It was a terrible mistake. Kim Sylvester, however, thought that she was doing what was right at the time.
Harriet Burkel was 80 years old and had broken her pelvis in a fall at her Raleigh, North Carolina home. She went to a rehabilitation facility to recover. It was only days after the death of Burkel’s 82-year-old husband, who’d moved into a memory care facility three years before.
Sylvester watched in increasing distress as her mother, suffering from emphysema, peripheral arterial disease and a frailty, became increasingly isolated. “I would say, ‘Can I help you?’ And my mother would say, ‘No, I can do this myself. I don’t need anything. I can handle it,’” Sylvester told me.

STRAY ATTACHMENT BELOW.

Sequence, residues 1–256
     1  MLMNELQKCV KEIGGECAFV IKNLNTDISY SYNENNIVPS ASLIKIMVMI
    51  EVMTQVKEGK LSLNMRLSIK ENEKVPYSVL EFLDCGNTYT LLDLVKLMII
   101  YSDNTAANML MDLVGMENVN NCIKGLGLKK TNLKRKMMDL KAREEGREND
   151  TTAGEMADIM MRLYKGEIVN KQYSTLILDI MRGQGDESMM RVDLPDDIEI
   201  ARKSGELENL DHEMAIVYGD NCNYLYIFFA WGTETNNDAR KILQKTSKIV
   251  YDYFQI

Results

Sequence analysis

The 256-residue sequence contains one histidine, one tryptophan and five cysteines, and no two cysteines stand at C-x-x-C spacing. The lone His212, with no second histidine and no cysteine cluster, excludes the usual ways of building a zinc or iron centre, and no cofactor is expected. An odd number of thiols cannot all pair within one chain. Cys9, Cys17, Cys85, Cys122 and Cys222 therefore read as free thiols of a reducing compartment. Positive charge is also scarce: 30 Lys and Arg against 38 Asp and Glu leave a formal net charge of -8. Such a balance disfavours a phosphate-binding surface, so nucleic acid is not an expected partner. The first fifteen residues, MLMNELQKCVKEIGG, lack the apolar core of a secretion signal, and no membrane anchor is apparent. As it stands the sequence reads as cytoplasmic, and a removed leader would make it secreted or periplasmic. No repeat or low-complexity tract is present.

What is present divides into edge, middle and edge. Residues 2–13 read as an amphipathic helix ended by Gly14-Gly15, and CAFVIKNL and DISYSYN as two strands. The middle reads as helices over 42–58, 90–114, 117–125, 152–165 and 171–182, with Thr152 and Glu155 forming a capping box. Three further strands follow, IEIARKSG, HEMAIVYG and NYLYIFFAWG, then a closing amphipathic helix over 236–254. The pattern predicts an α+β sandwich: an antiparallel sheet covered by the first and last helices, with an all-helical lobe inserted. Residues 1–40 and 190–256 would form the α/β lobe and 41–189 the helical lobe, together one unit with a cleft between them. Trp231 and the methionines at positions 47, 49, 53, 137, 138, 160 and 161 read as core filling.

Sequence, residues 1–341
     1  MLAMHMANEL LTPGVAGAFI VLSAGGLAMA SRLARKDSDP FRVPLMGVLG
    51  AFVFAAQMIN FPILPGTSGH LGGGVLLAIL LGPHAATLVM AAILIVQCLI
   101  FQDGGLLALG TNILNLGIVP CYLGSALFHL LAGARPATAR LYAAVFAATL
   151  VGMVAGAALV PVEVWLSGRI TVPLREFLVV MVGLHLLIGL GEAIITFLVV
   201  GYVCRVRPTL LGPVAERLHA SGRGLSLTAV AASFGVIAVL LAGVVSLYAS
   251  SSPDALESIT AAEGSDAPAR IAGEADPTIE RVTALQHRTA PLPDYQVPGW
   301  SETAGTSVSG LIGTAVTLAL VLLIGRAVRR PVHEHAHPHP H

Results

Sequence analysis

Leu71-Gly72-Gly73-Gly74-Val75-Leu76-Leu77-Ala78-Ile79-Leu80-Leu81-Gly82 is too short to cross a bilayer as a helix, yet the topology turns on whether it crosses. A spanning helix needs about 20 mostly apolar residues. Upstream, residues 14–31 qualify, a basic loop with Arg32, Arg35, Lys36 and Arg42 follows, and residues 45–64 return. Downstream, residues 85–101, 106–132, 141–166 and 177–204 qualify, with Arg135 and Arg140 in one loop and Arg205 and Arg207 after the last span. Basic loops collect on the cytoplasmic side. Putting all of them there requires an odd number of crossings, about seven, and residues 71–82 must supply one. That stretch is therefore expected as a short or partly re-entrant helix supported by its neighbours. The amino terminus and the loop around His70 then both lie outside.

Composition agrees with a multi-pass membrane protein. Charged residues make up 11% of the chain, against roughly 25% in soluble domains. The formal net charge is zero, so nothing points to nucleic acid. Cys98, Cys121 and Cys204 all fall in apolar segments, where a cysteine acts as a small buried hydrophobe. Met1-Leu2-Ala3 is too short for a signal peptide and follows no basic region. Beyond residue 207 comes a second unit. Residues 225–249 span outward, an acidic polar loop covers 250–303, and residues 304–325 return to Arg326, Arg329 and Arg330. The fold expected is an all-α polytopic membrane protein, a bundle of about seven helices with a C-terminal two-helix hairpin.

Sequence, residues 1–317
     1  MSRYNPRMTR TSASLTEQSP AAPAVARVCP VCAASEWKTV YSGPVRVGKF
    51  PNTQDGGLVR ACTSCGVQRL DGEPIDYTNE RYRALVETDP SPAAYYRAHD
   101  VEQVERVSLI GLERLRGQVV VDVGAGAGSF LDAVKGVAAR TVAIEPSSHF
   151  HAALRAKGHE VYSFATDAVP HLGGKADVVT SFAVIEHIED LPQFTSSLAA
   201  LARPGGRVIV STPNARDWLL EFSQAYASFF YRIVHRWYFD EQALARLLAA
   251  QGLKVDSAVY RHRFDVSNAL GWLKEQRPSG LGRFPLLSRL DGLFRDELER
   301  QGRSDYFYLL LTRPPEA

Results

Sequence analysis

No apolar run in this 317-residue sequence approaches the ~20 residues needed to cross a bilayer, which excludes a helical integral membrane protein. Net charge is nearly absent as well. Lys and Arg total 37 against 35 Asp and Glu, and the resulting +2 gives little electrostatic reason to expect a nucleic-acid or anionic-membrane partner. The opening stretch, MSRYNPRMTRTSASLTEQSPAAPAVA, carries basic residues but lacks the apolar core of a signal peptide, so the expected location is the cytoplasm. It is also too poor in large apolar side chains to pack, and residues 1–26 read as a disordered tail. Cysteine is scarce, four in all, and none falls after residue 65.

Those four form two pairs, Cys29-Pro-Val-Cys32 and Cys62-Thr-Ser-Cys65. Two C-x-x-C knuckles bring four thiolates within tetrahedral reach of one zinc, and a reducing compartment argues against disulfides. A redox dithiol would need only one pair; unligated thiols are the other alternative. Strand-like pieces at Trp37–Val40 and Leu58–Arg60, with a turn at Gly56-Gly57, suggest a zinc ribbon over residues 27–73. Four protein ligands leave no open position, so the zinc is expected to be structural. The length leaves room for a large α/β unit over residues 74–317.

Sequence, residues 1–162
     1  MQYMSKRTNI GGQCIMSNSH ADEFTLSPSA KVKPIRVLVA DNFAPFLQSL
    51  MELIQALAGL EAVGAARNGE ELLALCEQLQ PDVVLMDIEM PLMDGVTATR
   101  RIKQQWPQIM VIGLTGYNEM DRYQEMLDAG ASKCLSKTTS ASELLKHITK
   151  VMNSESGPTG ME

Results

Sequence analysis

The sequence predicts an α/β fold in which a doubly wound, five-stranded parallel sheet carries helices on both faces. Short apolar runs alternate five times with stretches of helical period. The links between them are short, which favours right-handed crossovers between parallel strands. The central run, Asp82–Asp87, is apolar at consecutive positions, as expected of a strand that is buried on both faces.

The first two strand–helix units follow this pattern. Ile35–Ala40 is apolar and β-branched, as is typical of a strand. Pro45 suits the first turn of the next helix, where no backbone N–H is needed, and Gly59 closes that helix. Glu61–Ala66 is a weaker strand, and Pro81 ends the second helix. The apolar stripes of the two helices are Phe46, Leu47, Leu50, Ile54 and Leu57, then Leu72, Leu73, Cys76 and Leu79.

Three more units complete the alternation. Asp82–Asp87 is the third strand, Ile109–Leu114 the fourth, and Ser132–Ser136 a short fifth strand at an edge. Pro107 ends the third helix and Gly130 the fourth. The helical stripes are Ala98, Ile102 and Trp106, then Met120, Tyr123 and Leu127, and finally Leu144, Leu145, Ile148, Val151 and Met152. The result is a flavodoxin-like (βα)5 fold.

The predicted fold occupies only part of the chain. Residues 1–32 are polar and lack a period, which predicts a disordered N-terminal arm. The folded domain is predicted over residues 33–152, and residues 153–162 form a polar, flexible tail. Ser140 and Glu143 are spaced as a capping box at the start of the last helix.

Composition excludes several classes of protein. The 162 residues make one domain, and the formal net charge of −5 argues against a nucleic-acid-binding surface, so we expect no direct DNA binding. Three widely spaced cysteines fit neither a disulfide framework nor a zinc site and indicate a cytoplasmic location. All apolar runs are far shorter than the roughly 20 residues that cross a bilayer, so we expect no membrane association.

Sylvester could now get more information. She let herself into her mother’s home and went through all the paperwork she could find. “It was a shambles — completely disorganized, bills everywhere,” she said. “It was clear things were out of control.”
Sylvester sprang into action, terminating her mother’s orders for anti-aging supplements, canceling two car warranty insurance policies (Burkel wasn’t driving at that point), ending a yearlong contract for knee injections with a chiropractor, and throwing out donation…